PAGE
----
Merchant of Death
Money, Guns, Planes, and the Man Who Makes War Possible

Blood from Stones

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Rays of Hope in Recent Operations
I have been rightly described as extremely pessimistic about the way our intelligence and law enforcement communities-with the exception of isolated pockets-are facing (or not) the challenges I see as most pressing for the 21st century.

These include the growing and spreading threat of non-state armed actors, the criminal-terrorist nexus, the spreading narco mini-states across Central and northern South America, and the world of shadow facilitators that tie disparate networks together.

In my experience, most of the problems center on a lack of understanding of how the world really operates, and a distinct inability to see things beyond how we have experienced them for ourselves, meaning the world is often viewed as operating according to our cultural and political experience, rather than operating as it operates.

But a string of recent successes (two by the Drug Enforcement Administration and one by the Colombian army with U.S. military support) show rays of hope. Some of the risk-aversion is being overcome, creative thinking is being more welcomed and human intelligence is again the key.

The cases are the arrest of Viktor Bout; the successful arrest and extradition of Monzar al Kassar; and the freeing of the FARC hostages.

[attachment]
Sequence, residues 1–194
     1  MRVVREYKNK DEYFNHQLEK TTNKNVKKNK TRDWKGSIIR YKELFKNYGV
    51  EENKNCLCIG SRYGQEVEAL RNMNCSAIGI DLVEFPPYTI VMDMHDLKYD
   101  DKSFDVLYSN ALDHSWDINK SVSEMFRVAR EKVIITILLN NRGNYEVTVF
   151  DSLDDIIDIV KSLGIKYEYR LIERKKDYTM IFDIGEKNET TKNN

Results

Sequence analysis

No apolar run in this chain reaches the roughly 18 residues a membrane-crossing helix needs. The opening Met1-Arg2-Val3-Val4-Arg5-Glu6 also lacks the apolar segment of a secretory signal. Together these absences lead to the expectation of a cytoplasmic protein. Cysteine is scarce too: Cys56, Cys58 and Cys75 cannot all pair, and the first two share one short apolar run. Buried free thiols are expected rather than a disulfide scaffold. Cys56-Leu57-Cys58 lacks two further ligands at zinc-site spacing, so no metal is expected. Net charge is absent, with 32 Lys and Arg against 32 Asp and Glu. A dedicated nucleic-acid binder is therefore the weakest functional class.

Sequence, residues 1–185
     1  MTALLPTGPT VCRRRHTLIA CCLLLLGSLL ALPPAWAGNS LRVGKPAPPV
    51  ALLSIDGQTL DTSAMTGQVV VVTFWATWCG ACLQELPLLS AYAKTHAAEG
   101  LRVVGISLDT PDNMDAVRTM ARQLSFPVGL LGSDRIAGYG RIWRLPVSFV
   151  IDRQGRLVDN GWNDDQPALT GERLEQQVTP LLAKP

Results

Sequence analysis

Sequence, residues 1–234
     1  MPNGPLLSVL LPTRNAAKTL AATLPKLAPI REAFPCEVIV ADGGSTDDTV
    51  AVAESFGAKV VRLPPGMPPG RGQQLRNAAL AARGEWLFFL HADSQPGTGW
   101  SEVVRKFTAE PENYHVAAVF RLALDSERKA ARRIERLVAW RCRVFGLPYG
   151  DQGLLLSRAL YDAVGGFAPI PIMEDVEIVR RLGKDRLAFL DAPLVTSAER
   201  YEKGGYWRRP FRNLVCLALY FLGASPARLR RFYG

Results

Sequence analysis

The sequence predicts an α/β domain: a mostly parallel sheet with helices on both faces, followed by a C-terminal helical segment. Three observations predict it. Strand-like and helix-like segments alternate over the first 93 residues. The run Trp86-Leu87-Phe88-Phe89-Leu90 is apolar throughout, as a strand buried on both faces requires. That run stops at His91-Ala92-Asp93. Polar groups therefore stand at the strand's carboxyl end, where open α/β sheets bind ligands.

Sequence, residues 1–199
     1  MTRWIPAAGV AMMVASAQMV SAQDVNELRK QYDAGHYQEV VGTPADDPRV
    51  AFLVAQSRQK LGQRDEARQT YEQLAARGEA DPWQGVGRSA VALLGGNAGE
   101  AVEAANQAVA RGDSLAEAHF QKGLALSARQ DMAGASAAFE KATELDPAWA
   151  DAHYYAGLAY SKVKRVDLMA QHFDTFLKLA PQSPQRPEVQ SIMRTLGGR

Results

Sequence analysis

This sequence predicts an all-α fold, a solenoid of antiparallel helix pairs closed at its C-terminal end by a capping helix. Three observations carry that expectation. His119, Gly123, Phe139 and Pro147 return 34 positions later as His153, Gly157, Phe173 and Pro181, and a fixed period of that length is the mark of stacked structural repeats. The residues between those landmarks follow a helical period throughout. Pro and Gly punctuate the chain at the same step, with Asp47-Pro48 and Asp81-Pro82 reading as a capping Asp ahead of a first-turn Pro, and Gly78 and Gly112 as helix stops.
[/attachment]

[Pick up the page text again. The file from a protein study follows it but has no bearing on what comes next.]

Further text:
What these cases have in common is the creativity with which the operations were conceived, the flexibility in the implementation of them, the correct identification of high-value targets, and the extensive use of human intelligence to develop the operations and carry them out successfully.

Each plan was audacious in its conception, bold in its execution, and blessed by officials despite the inherent risk each posed.

As the Washington Post noted today, the United States signed off on the Colombian operation because it involved the possible rescue of three U.S. citizens.

The operation could have been stopped there. It was unconventional, planned by others and high-risk. But it was given the green light.

This would not always have been the case. It is worth rereading this piece by my friend and former colleague Richard Shultz to see just how bad things had gotten.

Things changed since 9/11, but in many respects have fallen back to the old pattern of doing business, both among government agencies and in the shrinking strategic perception of the global threat environment.

But some things have changed, pushed in part by Attorney General Mukasey and his new focus on this nexus. The DEA, which has always done good human intelligence, has found new and creative ways to engage in this battle.

How deep the change goes remains to be seen, and whether it will be fostered by the next administration is a crucial question. For now, pessimistic as I am, I can see some rays of hope.
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